Ultimately, the amount of dancing done by USA boxing will be determined by how far they advance in the tournament.

Marcus Browne wants gold, jerk chicken

July, 6, 2012
The other day I asked a tri-captain of the US Olympic boxing team, Jamel Herring, who had the best chance to come home from the London Games with a gold medal. Rau'shee Warren, he told me. I asked the same question of fellow Olympian and fellow New Yorker Marcus Browne, America's entrant in the light heavyweight division. He thought about it for half a second and said, "Marcus Browne."

I chuckled, and said, "Right answer." Not that Herring's was wrong; as a captain, as an elder statesman on the squad, having the moral heft that comes with serving two tours as a marine in Iraq, I'd expect Herring to go the route he did. But the Staten Islander, Browne, has a confidence, which he takes pains to ensure it doesn't veer into cockiness territory, which might well help elevate him to the top podium in London next month.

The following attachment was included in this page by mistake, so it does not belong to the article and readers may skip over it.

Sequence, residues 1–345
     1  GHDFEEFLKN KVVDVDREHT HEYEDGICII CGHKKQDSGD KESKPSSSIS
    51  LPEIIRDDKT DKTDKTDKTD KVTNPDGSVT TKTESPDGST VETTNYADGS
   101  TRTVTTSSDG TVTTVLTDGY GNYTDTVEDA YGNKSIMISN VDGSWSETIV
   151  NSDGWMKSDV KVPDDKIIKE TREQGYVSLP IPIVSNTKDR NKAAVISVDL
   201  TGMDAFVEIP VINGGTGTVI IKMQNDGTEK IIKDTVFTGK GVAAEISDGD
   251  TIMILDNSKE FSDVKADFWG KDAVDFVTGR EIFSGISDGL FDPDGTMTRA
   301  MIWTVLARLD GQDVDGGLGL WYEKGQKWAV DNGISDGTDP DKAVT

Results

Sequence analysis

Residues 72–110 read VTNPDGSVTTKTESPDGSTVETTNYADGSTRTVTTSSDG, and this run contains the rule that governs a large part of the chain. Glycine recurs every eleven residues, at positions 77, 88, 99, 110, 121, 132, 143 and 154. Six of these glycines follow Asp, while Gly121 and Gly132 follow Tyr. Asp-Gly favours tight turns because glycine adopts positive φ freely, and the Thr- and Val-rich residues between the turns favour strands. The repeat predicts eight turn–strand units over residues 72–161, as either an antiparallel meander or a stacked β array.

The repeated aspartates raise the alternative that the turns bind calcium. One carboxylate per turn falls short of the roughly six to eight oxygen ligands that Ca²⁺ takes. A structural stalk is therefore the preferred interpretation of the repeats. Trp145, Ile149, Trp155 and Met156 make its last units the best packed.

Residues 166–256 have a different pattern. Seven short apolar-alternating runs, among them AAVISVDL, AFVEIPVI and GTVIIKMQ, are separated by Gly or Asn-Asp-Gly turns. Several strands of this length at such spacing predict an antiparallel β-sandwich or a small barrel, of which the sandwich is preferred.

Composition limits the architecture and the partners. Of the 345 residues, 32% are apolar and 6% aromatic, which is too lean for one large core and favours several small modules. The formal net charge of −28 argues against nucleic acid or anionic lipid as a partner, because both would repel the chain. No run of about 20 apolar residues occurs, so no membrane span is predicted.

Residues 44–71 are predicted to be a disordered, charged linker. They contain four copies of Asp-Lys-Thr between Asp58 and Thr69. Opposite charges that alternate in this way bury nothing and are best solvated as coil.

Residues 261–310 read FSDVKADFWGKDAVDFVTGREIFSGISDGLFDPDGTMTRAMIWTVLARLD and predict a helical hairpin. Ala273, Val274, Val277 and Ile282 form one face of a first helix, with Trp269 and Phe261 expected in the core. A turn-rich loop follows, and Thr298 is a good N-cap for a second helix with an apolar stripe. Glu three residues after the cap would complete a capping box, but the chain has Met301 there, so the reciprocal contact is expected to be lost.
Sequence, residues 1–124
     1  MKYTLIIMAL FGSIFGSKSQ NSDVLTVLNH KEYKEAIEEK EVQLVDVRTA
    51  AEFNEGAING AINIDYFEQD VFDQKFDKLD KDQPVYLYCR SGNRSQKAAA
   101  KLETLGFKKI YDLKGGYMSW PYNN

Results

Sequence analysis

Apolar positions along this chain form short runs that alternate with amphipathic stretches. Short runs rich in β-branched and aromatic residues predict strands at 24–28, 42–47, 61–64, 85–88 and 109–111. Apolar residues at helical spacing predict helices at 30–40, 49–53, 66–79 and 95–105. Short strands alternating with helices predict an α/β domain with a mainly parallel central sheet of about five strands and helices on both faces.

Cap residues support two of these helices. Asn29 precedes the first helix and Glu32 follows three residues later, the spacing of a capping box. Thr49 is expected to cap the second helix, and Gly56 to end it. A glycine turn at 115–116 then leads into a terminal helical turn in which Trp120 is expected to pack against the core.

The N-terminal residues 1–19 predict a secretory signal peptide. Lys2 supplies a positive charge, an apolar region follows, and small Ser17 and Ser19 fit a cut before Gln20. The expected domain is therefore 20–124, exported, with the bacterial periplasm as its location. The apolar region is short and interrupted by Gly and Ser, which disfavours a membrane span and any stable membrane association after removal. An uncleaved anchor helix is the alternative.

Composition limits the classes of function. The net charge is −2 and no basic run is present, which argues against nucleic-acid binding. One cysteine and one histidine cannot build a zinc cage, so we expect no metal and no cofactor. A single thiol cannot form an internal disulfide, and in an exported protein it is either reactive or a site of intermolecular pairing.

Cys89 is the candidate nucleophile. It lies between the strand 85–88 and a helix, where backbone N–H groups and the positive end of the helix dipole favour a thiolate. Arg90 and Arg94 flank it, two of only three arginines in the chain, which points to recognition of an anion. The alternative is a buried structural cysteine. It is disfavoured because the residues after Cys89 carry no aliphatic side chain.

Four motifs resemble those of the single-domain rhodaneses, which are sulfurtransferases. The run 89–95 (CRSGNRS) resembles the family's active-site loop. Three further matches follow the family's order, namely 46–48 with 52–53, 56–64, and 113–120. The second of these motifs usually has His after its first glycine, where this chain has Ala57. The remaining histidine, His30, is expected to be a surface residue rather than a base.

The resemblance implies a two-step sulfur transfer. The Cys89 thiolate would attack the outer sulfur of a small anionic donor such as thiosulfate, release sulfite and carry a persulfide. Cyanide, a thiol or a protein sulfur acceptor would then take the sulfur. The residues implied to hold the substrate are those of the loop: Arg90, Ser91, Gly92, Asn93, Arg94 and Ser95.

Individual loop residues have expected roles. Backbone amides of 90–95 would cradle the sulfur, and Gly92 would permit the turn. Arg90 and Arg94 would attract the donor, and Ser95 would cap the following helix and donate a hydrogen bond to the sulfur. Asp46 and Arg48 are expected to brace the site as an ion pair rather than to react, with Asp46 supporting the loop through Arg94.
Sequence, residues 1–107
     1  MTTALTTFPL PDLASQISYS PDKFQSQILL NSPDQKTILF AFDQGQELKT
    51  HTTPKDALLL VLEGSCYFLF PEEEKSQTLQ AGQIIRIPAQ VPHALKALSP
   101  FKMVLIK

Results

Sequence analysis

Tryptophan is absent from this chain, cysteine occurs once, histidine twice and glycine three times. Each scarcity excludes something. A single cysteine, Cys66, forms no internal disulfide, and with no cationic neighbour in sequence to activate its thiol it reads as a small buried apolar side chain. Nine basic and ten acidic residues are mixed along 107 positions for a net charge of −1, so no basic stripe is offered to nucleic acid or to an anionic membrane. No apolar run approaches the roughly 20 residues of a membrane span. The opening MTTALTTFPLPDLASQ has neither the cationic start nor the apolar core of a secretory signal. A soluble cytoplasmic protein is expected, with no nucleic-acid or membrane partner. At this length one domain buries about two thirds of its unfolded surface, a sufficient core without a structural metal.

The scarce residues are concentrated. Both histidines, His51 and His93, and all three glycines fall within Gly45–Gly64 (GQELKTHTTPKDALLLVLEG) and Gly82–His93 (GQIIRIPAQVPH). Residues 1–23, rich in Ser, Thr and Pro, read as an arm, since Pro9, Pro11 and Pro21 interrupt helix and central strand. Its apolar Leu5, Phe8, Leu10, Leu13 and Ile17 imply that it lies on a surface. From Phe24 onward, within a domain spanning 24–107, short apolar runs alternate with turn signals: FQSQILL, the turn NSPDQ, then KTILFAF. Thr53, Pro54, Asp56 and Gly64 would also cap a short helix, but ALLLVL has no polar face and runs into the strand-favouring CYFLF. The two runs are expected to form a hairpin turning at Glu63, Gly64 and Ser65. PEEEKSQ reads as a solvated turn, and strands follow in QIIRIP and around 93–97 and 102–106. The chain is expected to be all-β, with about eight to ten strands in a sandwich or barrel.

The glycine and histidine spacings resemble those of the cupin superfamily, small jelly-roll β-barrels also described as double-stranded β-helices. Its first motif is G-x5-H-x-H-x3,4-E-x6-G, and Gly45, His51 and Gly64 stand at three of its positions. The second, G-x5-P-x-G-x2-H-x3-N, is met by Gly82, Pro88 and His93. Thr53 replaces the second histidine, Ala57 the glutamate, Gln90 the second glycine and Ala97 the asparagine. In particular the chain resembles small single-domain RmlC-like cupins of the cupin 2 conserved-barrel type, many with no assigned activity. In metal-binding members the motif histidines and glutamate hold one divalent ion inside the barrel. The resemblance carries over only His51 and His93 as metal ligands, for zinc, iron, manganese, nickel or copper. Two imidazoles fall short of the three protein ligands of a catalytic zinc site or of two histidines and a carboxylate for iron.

After the first of three workouts scheduled for the day, Browne chatted with me on the phone, and explained why he thinks he has the best chance to bring home the shiniest bauble. "I'm putting in all this work, and I know it's not easy," he said. "Sometime you want to rest, but I still get up, make appropriate sacrifices to be on the podium. It's not a guarantee, but I believe in myself."

The winner of the 2012 nationals told NYFightBlog that training camp in Colorado, where he's been since Sunday, has been no piece of cake. Along those lines, he's missing some of his friends and family at home, and some of his mom's signature cooking. She, as a matter of fact, opened up a restaurant, Mona's Cuisine, on SI a month ago and Marcus is missing some of that jerk chicken with rice and gravy she offers there. "I miss that food," he told me. "I Tweeted that yesterday."

Oh, the sacrifices made to get gold.